Organ and electric bass herald ‘Bird On The Wire’ which Moncreiff makes his own, although his chest-touching histrionics are perhaps a tad unnecessary. When the backing vocals and the woodwinds join him for the “If I have been unkind” section, the hairs on every arm and neck in the room rise up, and the affair is further lifted by a marvellous guitar solo that fully employs the sonic range of Leo Fender’s Stratocaster – Stevie Ray Vaughan’s chopping rhythm giving way to a single fret tap. Hats off to Moncrieff for honestly admitting that he was for the most part unfamiliar with Cohen’s work when he was asked to contribute, he certainly got on the inside of that one.
Lisa Hannigan sings ‘Came So Far For Beauty’ – her vocal mannerisms often leave me cold but she handles this well and the harp glissandos, the pizzicato on the violins, and the quasi-colliery band finish are magnificent. We then get the first of the spoken word sections – and Cohen is one of the very few figures in popular music whose lyrics can stand up alone – delivered by Kate O’Toole – Peter’s daughter – and Tony Flynn – Mr Flynn’s son. Lines such as “we’re tired of being white and we’re tired of being black” from ‘Tired, or “because you will not overthrow life, you cannot breathe” from ‘The Asthmatic’, and especially something like “the last time that I saw her she was living with some boy, who gives her soul an empty room and gives her body joy” from ‘Death Of A Ladies’ Man’ would give any typewriter jockey pause and make them question their own self-belief. The delivery from the two thespians is impeccable.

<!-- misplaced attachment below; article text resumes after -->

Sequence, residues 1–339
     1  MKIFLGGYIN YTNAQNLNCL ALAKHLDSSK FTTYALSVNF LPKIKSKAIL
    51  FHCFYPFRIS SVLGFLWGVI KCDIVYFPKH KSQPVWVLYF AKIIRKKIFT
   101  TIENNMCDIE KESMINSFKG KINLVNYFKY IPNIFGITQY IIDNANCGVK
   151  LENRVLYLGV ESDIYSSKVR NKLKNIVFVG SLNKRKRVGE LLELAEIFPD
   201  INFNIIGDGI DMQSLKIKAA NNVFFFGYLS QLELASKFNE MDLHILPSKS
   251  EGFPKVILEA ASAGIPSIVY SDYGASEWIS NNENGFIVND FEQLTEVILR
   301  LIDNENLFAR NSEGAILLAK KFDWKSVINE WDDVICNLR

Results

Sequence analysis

The kind of strings you used to hear on Scott Walker songs like ‘It’s Raining Today’ are followed by the kind of horns once favoured by Elmer Bernstein, and Mick Flannery’s voice breaks movingly as Jane comes by with a lock of your hair in ‘Famous Blue Raincoat’. As the strings take the main melody to a timpani-driven rhythm, you again marvel at these deathless songs. I’m not entirely sure the following version of ‘Suzanne’ works as well, however. Hannigan and Flannery sing it alone at his keyboard and the shy and sensitive shtick tempers the lyric’s power. That being said, it receives some of the night’s loudest cheers, so it might be just me.
From one extreme to another as ‘You Want It Darker’ is transformed into the Bond theme that never was – conga drums are struck, horns blast, and the insistent string line sounds almost like a sequencer as Tony Flynn acts out the spoken lyric. Then – Jesus – Savage goes full Montserrat Caballé before the timpani calls a sudden stop. Worth the ticket price on its own.
After the theatre-style intermission, John MacKenna – poet, novelist, playwright and friend of Cohen who adapted his words to create the requiem for theatre Between Your Love And Mine – recalls the man he knew and Cohen’s belief that Ireland was “a blessed place”, remarking on how even a late email from the man written “in the shadow of death retained his humour and humility” before reciting Cohen’s “penitential hymn” ‘Come Healing’. This runs into the guitar line that opens ‘Happens To The Heart’ from Cohen’s last masterpiece Thanks For The Dance. Mick Flannery battles gamely with the melody and Cohen’s way with it, and he hits it more times than he misses. If there had only been a couple of more verses, he would have won it over completely. The strings join the fray after the second chorus, there’s a delicate flute line, then brushed drums after another chorus and the harp follows the guitar. I’ve said it before, but it bears repeating: show me another artist whose final work was every bit as good as his first? It is a spell-binding late flourish from a master.